On the second point, perhaps there’s a methodological difference here. I was thinking of cases in which we indeed have fairly settled intuitions that the OCD-person’s attitudes aren’t properly attributable to him, whereas the racist’s (even the recalcitrant racist’s) are, and so then the puzzle was to try to see (a) how Scanlon’s theory might distinguish them, and (b) what other theories might say to distinguish them. On that score, I have a hard time figuring out just how Scanlon’s view distinguishes those sorts of cases, whereas I think Smith’s view (and my view) might do a better job. You, however, are talking about cases in which it may well be difficult to distinguish so easily the OCD-person from the dissociated racist. So I’m saying that, granting a difference between the two, what theory best explains it, whereas you’re saying, “It’s perhaps not so easy to grant a difference between the two.” Fair enough, but then we’re talking past one another.

  5. Let a “blame-like attitude” just be a term of art invented for our discussion: it is an attitude that manifests component (a) but not component (b) of Scanlon’s analysis of blame (as you summarized it initially). We can stipulate this, so we can draw a distinction between blame-as-a-plus-b and blame-like-attitudes. The problem with the quote you just gave from 141 is that it seems to offer a different analysis of blame, one that contains only element (a) and not (b). So I guess the first question is: what is Scanlon’s analysis of blame? Whichever we go with, though, I’m still thinking that neither the a+b nor the merely-a analysis is blatantly implausible, for reasons (we’ve both) given. (That is, I can see some reason to think that judgment-sensitivity might be necessary for truly capturing the ordinary concept of blame.) Also, for what it’s worth, and this is just a technical point that doesn’t impact anything substantive, but by separating (a) and (b), it sounds like Scanlon could agree with you that attitudes can be modified without modification in judgment; it’s just that he wouldn’t call that an instance of blame.
    Regarding racism, though, I’m still not inclined to think that the issue can be avoided merely by saying that we’re talking past one another. You say that your or Smith’s view can explain the difference between the OCD person and the dissociated racist better than Scanlon can. I’m saying that this is not true: neither your nor Smith’s view can explain that difference (no matter whether or not Scanlon can). That sounds like a disagreement to me. And this allows that we have “settled intuitions” that the attitudes in question are not attributable to the OCD person but they are to the dissociated racist. I have (or once had, before I was corrupted by philosophy…) those intuitions, too. But the question, as you rightly point out, is how we can explain those intuitions. I claim that we can’t explain them by your or Smith’s views.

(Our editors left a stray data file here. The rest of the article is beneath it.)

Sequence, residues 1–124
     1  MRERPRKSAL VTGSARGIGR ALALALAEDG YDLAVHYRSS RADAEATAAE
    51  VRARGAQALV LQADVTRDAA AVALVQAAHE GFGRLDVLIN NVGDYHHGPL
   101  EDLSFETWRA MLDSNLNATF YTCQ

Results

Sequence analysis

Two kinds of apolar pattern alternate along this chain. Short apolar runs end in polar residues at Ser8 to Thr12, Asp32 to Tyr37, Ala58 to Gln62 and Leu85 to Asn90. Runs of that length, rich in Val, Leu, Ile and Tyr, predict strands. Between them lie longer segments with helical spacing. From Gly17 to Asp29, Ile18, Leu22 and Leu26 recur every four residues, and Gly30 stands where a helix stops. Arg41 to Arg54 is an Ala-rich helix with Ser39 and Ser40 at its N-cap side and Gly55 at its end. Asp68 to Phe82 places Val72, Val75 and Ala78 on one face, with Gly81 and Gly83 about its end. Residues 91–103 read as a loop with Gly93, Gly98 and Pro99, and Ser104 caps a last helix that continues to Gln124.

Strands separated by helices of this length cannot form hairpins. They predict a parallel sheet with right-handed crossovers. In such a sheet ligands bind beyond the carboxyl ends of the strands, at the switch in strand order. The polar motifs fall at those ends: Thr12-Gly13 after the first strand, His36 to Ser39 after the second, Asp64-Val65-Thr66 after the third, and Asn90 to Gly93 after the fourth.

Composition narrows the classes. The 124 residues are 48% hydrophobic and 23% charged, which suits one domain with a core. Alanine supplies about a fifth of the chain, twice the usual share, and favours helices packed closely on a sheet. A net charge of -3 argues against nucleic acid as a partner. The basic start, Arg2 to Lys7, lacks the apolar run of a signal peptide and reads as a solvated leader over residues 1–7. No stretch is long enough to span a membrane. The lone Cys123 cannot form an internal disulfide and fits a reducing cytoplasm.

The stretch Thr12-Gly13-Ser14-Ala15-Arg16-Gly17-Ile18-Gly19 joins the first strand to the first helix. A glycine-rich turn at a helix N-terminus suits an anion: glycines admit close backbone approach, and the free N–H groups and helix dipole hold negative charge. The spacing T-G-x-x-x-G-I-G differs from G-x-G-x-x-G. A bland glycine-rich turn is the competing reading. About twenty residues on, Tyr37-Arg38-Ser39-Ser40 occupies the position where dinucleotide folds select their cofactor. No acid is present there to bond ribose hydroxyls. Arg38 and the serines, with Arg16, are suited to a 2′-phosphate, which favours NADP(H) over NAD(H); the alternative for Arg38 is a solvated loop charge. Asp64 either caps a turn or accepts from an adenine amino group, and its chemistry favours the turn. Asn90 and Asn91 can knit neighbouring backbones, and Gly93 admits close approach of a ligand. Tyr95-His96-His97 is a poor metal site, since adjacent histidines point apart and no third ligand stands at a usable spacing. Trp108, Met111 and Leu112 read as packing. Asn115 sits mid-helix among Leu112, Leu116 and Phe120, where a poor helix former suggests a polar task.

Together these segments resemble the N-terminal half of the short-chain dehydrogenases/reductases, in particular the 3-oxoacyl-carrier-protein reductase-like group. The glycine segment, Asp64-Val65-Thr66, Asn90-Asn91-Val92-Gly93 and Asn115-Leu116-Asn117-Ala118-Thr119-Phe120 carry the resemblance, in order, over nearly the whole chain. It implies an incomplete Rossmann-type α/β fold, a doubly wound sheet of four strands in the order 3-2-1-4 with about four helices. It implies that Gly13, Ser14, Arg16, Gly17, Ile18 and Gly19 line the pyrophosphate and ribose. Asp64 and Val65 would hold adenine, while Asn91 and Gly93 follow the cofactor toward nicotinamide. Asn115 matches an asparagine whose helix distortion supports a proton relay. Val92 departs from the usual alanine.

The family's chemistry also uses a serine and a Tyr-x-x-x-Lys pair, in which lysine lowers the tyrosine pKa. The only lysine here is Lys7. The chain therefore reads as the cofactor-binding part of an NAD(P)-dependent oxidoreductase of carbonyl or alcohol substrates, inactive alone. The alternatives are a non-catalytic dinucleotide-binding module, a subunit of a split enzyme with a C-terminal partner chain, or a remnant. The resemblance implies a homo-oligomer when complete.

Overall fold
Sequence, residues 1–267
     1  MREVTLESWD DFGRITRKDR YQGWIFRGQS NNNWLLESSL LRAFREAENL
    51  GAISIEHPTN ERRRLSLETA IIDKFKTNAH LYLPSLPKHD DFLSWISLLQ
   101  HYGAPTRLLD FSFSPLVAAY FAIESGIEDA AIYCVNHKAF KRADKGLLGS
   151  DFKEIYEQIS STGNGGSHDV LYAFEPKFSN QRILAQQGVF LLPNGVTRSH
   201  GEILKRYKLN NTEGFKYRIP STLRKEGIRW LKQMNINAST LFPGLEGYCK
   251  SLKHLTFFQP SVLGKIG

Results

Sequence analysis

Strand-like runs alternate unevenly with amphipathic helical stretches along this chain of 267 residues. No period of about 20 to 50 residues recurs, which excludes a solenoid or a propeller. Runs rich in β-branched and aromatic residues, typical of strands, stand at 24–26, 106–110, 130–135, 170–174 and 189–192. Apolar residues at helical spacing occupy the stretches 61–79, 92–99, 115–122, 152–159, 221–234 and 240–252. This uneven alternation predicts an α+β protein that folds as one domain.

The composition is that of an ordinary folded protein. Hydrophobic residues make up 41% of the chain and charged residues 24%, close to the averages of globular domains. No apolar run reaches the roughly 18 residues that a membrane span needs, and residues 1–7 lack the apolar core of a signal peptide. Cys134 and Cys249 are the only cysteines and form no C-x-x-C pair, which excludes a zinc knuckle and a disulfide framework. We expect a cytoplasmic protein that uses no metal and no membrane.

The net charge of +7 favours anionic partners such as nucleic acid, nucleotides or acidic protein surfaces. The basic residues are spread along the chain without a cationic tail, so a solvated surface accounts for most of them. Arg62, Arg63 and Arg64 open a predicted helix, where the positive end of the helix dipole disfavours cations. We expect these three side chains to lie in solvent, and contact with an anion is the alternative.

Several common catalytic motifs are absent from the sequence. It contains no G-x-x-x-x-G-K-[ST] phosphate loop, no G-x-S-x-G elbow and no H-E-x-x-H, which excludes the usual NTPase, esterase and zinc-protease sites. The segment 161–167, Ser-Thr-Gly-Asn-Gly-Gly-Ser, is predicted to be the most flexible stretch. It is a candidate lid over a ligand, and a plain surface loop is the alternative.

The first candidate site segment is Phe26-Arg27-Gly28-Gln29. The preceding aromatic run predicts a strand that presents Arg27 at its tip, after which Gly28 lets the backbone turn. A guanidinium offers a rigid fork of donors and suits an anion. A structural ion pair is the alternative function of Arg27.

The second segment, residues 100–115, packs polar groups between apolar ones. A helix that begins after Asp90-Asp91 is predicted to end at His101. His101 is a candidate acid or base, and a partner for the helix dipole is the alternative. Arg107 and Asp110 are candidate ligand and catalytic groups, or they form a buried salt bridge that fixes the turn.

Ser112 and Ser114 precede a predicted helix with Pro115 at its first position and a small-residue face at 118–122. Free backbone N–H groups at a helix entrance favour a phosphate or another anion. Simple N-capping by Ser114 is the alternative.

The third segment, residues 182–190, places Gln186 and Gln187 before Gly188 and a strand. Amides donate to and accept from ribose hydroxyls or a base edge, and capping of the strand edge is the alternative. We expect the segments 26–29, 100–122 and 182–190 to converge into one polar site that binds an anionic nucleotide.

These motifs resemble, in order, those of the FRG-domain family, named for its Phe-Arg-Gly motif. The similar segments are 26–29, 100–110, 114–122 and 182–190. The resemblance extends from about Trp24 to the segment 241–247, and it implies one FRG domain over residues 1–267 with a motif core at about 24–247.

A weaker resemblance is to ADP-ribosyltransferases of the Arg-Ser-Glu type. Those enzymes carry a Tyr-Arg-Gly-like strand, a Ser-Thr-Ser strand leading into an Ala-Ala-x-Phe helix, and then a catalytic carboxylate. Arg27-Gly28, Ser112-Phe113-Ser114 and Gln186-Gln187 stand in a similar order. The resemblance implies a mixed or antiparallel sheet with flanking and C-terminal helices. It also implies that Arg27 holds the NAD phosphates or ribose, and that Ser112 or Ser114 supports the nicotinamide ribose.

We could be talking past one another if we are thinking of subtly different case-pairs. Since the OCD case is constant for you and me, whether we are talking past each other would come down to whether we are thinking of different cases of racism. Put slightly differently, given an Arthur-style argument that no theory of responsibility can render attitudes non-attributable to the OCD person but attributable to the alienated racist, what we’d need would be some other case of racism (besides the case of dissociation) that can be explained by your or Smith’s theory but not Scanlon’s. Maybe I missed it: is there a case like that, one that’s not about dissociation, alienation, and the like, but about something else that is manifest in the racist but not in the OCD person or vice/versa?

  6. I wonder if the background story for why he takes blaming to require a judgment of blameworthiness has to do with his wider contractualist framework. He could allow that there are many blamelike modifications of interpersonal attitudes that do not require such judgments. But, the kind of change in interpersonal attitudes that is relevant for blame is where one no longer sees oneself to be in a relation with the other person in which justification on non-rejectable grounds is required. And, to be justified to make this kind of change in one’s attitudes requires a judgment that the other person has already acted wrongly in a blameworthy way – in a way in which she has stopped caring about justifying her actions to one in a way that is robustly attributable to her.